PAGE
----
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Cuisine is one of the main reasons that we are drawn to Italy. It doesn’t get much better than fresh pasta, wood oven pizza, creamy gelato, and locally produced wine. Although, so many visitors succumb to the clever gimmicks that many restaurants use to lure in tourists. I constantly am hearing from travelers that they were disappointed by the food in major cities like Rome, Florence, and Venice. This pains me because the issue isn’t that cities like this are touristy, or do not have authentic and local dining institutions. It’s that many tourists find it difficult to differentiate between the real deal and tourist traps in Italy.

Eating out in Italy is just as much about the food and wine, as it is the people you are dining with. Mealtime in Italy is sacred. It’s about sitting down, uninterrupted by phones and work, to spend quality time with loved ones. Nothing about eating at local restaurants in Italy should feel transactional. I can assure you that local establishments couldn’t be less bothered to try and convince you to dine at their restaurant. This is a major differentiation between authentic restaurants and tourist traps.

The essence of the dining experience in Italy is very nonchalant. Service is not always timely, or super friendly for that matter, but it is about being present. It’s about showing up and savoring handmade pasta with a perfectly paired glass of wine, all while in good company.

how to avoid tourist traps in Italy

How to Spot & Avoid Tourist Traps in Italy

Displays of Food – Any restaurant displaying food or dishes near the entrance is an automatic no go. Italian food shouldn’t need a display to convince you that it’s appetizing and authentic. Take this cue as a ploy for tourists, and avoid at all costs.

Menus on Display in English – Another dead giveaway that most tourist traps will have is a large English menu on display.

Ignore Hawkers – Restaurants hiring staff to lure in their customers is a sure sign that it’s not local.

Avoid Main Squares & Major Sites – Most restaurants in the main piazzas (squares) and near major tourist attractions cater specifically to tourists. Not only this, but you will be paying top dollar for subpar cuisine. Avoid dining in any of the major piazzas while in Italy. Though, since the piazza is the epicenter of urban life in Italy, I would suggest opting for a glass of wine or a coffee to enjoy the view. Just know, it will be a bit overpriced.

*Travel Pro Tip –

Still unsure of how to spot the real deal, local eateries? When you head out to get your morning espresso, ask your barista for their neighborhood favorites. Unlike tour guides or hotel concierges, their insight will be totally unbiased.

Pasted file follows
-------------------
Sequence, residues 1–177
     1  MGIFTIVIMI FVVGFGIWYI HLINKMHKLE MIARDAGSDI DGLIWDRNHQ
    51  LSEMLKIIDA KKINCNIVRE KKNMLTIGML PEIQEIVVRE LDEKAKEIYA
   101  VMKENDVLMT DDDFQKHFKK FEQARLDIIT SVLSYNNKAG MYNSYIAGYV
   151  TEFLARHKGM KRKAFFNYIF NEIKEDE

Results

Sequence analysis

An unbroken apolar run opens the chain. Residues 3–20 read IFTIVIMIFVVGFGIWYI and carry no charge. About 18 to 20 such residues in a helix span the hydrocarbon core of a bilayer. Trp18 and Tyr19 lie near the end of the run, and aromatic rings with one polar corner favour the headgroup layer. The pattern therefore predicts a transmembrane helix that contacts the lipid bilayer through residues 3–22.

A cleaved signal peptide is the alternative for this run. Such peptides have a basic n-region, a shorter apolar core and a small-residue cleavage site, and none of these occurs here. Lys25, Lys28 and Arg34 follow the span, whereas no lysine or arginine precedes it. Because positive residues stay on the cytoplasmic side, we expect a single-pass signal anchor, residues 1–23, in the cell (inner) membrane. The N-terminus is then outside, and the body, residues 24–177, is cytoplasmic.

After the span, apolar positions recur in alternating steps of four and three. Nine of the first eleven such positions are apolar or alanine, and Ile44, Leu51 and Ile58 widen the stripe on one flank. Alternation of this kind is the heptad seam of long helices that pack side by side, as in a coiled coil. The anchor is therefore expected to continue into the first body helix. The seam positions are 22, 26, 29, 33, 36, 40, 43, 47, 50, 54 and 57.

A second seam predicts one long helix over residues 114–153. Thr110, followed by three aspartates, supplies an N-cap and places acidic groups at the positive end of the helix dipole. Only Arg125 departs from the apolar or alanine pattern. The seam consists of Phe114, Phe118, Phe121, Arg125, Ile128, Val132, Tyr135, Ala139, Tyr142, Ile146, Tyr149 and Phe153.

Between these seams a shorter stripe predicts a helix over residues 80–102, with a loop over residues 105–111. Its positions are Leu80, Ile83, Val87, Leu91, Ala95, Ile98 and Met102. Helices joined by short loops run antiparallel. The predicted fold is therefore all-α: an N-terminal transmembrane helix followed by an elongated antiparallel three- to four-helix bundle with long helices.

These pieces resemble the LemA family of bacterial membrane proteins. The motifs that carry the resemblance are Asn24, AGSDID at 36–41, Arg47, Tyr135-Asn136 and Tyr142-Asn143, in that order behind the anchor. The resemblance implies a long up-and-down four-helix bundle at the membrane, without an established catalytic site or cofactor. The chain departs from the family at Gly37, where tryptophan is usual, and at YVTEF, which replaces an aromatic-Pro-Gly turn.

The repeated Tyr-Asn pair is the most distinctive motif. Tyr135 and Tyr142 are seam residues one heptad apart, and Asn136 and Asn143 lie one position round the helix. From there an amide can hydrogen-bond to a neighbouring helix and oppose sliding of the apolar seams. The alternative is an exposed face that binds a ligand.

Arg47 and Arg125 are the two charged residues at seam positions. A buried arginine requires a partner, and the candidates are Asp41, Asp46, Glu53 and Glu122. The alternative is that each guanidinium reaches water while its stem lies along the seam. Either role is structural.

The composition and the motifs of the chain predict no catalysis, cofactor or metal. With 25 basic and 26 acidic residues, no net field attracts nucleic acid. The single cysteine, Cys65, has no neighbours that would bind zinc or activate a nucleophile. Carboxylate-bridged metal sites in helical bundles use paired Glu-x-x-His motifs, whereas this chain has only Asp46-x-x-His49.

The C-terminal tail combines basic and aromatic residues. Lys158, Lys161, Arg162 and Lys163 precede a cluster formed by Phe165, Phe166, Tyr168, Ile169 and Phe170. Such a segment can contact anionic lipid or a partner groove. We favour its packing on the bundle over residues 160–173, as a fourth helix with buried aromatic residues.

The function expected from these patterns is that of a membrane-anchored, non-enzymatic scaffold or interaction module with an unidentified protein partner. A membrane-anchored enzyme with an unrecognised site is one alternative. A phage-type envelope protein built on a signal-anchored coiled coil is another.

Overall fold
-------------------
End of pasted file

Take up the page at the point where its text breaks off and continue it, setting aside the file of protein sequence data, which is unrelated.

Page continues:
local restaurants in Rome

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4 Comments

  1. Brooke Witt on June 21, 2019 at 8:18 am

    Love these tips! Thank you, Lexi!

    • Lexi Doerfler on June 28, 2019 at 11:37 pm

      Glad to be of assistance! Let me know if there are any other tips/guides you would love to see on the blog?

  2. Steven Adler on June 30, 2019 at 3:39 am

    I have had only one bad tourist trap experience at any restaurant in Italy. Predictably, it was on the Grand Canal in Venice. The tip off was that the oil in the cruet on the table was not olive oil!
    Other than that, all our experiences have been memorable. I especially remember a restaurant above Positano where we ordered a mixed grilled meat dinner. There was beef, pork, chicken, lamb; but no rabbit. I mentioned to the waiter (in kindergarten Italian) that I loved rabbit, and sure enough, a platter of grilled rabbit soon appeared.
    We once stopped at 2:30 pm to ask directions at a closed restaurant in Sperlonga, on the Mediterranean north of Naples. The proprietor insisted on seating us and cooking us lunch! My son and I ran into him several days later at lunch on the Amalfi Coast. He exclaimed “Mi amici de Stasi Uniti!” and bought us a bottle of wine.
    The key is to not be afraid to communicate, even if your Italian is rudimentary. Italians I have met are very open to this (unlike Parisians).
    Pro tip – bring young children – Italians love children, even, or especially, at dinner at 9 pm in nice restaurants.

    • Lexi Doerfler on July 3, 2019 at 1:01 am

      I completely agree and all great tips! The willingness to speak a little Italian definitely goes a long way.

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